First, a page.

Following US sanctions, China-based Huawei has increasingly looked to source essential technology from fellow Chinese companies. In a related move, the smartphone maker now plans to build its own chip-manufacturing plant in Shanghai, China.
The Shanghai plant will manufacture low-end 45nm chips at the onset, and then expand operations to include 28nm chips (used for IoT) by 2021. Huawei aims to start building 20nm chips, used in 5G equipment, near the end of 2022.
For those who don’t know, smartphone giant Huawei has been at loggerheads with the US Government for quite some time. It all started, back in 2019, when Trump‘s administration put a ban on the Chinese company for allegedly spying on American soil.
Ever since then, the US has added to a growing list of sanctions on Huawei, making it harder to source integral technology produced by American firms. The most recent sanction, in May 2020, limited the supply of semiconductor chips to the Chinese tech giant.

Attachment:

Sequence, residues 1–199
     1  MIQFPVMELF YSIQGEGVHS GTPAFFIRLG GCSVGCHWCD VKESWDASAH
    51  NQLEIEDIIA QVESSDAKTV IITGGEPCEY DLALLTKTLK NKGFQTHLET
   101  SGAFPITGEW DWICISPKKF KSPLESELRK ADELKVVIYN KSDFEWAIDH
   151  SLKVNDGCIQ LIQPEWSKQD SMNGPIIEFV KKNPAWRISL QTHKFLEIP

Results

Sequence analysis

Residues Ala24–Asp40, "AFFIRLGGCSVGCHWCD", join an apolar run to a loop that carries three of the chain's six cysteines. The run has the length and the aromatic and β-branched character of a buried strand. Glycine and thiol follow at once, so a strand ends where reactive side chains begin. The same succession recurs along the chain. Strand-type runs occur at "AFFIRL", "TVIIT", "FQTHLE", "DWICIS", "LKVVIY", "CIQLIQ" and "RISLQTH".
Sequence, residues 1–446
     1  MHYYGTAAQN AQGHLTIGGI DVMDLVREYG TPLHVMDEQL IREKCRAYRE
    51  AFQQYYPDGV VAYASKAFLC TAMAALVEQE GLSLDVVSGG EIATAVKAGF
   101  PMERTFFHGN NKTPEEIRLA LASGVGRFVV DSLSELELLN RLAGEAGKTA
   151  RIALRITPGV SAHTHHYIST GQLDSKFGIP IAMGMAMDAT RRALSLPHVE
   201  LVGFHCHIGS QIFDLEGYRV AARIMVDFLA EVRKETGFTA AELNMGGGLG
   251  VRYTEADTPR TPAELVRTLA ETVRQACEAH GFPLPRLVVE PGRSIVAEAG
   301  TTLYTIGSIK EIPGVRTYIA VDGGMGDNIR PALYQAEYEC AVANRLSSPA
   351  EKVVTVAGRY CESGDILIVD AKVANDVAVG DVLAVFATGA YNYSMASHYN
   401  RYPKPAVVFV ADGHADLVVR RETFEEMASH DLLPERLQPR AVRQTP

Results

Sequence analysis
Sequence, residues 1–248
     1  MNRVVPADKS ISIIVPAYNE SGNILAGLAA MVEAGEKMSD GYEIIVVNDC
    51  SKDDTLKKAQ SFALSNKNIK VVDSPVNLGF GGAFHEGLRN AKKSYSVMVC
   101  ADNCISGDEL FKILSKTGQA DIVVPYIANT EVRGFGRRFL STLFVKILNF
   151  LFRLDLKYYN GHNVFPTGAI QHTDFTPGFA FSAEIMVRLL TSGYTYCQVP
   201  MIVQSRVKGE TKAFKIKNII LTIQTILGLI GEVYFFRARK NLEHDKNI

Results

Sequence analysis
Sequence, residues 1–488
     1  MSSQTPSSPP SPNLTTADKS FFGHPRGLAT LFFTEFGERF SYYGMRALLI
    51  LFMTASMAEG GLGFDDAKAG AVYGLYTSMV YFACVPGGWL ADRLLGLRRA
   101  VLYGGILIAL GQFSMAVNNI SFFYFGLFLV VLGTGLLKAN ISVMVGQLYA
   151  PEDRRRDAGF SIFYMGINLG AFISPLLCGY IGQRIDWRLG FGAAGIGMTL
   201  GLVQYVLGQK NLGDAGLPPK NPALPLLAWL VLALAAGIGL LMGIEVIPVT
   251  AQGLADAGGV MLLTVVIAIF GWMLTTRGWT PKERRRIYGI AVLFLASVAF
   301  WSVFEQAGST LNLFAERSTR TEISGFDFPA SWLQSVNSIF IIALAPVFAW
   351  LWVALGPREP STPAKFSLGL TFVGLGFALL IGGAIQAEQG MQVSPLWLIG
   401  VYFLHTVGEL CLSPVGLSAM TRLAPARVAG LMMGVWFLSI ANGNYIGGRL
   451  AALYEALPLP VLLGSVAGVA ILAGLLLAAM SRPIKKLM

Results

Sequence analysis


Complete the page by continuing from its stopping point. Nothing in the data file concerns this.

Reacting to these sanctions, over time, Huawei has invested in China-based companies that manufacture chips and other essential technology. Just last year, it also opened an investment body to handle its shares in Chinese tech firms. As reported by The Strait Times, Huawei has completed 17 deals involving shares since then.
For the Shanghai project, Huawei has addressed its inexperience in chip-making by partnering with government-backed Shanghai IC R&D Centre. The synchronization between them would prove crucial to Huawei’s future as it tries to reduce its dependency on the US.
Moreover, the plant’s success would bolster China’s position as a potential chip-manufacturing force. The Chinese Government aims to boost production from 25% to 70% in the next five years.